Be glad in the Lord and rejoice! Psalm 32:11

Friday, November 12, 2010

Guest Post by Sheldon Russell, author of "Insane Train"

I'm excited to host Sheldon Russell, author of Insane Train, today. Mr. Russell was kind enough to write the following blog!

Sweet and Sour: How Opposites Attract
By Sheldon Russell

Well, technically, opposites don’t always attract, at least initially, but there is almost certainly a heightened interest among people who are different from each other.

It’s an opportunity for writers, being the opportunists that we are, to exploit a naturally occurring dissonance, which, with luck, can turn into full-blown conflict, which can lead to an engaging story and perhaps a satisfying resolution. If you watch movies, read books, breathe, you have been seduced by conflict in one form or another. It is the beating heart of story and can lead to all kinds of mischief. Since conflict arises from differences, it behooves the writer to create as many differences as possible, and no where is mischief more available than with characters who don’t understand each other.

In my book "The Yard Dog," the protagonist, Hook Runyon, is a one-armed railroad bull who drinks busthead liquor and collects rare books. He encounters Dr. Reina Kaplan, a Jew from New York with a Ph.D. in literature. They’ve not much in common, but there’s plenty of fireworks to go around. The levels of interaction between opposites can be complex and multilayered.

Consider humor, for example. It, too, arises from surprise and conflict and is best pitted against its own opposite, tragedy. Even conflict resolution can produce powerful emotions and bring about things like romance and happy endings.

One of my favorite plot lines, a stranger comes to town, is the epitome of dissonance arising out of diversity. The stranger lands in a place he doesn’t know or understand. Now, the town’s people have a stranger amongst them, always a threat to the way things are and have always been. So who gives in? Who changes? Why? What are the dangers of being in a place where no one else believes like you, talks like you, or thinks like you? Differences abound, and differences lead to entanglements.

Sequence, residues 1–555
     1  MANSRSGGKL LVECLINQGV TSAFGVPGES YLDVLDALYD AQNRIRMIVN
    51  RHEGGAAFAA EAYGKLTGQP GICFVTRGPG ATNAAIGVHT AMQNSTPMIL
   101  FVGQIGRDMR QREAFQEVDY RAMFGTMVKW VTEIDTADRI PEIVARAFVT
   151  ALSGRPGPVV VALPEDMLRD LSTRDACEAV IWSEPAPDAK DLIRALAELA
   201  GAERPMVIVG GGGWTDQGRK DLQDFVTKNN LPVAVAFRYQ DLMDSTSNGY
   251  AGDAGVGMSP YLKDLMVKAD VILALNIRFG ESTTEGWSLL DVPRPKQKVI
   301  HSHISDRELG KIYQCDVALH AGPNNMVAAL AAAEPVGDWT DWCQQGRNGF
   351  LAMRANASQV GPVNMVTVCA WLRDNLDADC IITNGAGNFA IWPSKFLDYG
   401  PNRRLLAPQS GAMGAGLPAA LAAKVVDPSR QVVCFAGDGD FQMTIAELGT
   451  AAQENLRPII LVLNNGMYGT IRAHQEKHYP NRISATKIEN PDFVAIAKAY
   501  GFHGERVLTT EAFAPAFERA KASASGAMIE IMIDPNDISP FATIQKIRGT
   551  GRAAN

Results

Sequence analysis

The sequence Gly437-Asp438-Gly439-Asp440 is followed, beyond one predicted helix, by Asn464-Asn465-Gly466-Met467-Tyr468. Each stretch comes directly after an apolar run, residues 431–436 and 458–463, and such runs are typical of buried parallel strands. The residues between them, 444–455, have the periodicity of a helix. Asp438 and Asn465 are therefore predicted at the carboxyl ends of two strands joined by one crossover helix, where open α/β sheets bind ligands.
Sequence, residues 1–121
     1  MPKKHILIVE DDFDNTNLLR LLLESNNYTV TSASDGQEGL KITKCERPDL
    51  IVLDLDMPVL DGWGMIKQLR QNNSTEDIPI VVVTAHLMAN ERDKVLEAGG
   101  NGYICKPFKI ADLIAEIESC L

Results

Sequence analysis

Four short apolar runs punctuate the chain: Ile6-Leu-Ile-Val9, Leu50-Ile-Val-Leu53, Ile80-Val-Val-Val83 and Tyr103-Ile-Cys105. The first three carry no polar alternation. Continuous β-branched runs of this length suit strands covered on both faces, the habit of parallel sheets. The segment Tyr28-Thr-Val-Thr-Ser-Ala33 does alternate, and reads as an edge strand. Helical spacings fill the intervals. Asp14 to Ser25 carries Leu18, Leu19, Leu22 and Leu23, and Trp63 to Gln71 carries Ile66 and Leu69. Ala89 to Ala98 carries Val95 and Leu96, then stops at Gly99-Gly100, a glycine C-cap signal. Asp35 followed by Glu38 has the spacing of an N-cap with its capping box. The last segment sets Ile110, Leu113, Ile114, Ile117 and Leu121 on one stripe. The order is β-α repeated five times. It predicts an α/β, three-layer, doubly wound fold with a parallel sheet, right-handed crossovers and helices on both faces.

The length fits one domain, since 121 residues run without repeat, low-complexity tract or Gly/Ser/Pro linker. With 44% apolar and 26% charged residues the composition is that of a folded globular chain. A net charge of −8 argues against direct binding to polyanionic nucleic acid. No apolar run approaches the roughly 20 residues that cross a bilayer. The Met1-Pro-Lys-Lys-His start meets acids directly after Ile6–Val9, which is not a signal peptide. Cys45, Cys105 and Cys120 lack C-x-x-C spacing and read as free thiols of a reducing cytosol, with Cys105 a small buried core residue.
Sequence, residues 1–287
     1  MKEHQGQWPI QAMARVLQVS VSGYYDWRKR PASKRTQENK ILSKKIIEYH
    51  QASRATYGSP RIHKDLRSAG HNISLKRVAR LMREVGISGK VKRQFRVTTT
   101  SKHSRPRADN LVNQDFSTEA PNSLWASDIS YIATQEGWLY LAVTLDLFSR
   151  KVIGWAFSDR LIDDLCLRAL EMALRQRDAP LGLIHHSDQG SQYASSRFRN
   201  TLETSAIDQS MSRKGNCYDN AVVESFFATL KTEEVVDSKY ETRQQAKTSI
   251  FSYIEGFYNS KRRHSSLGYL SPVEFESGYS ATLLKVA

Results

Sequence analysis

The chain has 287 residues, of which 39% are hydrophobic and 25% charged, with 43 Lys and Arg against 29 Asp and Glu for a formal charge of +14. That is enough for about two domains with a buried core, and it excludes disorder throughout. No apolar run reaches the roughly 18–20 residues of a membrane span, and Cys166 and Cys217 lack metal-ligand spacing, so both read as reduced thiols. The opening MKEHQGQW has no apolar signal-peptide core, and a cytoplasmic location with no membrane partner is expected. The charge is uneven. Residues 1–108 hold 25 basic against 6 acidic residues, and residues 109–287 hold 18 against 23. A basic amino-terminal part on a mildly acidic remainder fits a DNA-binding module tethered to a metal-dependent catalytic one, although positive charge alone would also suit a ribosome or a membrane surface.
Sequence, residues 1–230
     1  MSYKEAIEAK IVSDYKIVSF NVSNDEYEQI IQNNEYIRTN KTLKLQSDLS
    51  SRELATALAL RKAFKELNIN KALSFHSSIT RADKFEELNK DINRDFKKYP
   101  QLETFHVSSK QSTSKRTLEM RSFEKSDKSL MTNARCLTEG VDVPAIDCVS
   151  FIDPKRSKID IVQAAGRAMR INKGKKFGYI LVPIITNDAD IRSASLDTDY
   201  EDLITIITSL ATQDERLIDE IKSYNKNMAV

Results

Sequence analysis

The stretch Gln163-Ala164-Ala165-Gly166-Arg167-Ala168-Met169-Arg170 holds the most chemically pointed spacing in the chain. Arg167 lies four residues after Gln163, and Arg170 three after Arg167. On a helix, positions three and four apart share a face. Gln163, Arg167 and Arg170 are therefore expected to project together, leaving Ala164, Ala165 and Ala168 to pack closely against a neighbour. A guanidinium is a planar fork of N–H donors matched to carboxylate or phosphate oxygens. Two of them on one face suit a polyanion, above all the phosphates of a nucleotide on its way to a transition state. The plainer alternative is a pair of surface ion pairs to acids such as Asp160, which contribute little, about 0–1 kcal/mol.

There’s nothing a writer, or reader, likes better than entanglements. And then again, opposites can sometimes set their differences aside against a common enemy.

In "The Insane Train," second in my Hook Runyon mystery series, a group of disabled vets live together under a bridge. Roy is from Kentucky, Santos from Old Mexico, and Ethan from the Bronx. Although they have nothing culturally in common, they share the hardships of poverty and the daily harassments of a corrupt police force. These vets are as diverse as I could make them, but they have become family, united against a world that no longer cares about them.

My wife, who is a sculptor, often points out the importance of light and shadow in sculpture. She is keen on working both dimensions into her pieces. Even an artistic dim-wit like me can see that she’s right. A work with all light or all shadow is flat and uninteresting. But put the two together, shadow against light, and the piece is transformed into something beautiful and alive, something more than the sum of its parts.

Any writer will tell you that he works for conflict in his story at every opportunity. It’s the spark necessary for igniting the emotions of the reader. The possibilities are endless when opposites are put together. So make your characters as different as possible. Throw them into a tough situation. Turn up the heat, and they will do the rest.

 About The Author:

A retired college professor, Russell lives in Guthrie, Oklahoma, with his wife, Nancy, an artist. He has previously won the Oklahoma Book Award and the Langum Prize for Historical Literature.

The Yard Dog, the first Hook Runyon novel, was nominated for the Oklahoma Book Award and earned high praise as Russell’s debut mystery.

I received a review copy of this book from Nancy Berland Public Relations. The tour stop was courtesy of Lance Wright at Omni-mystery.

I am an Amazon Associate and if a book is purchased through this link, I might receive a small renumeration.

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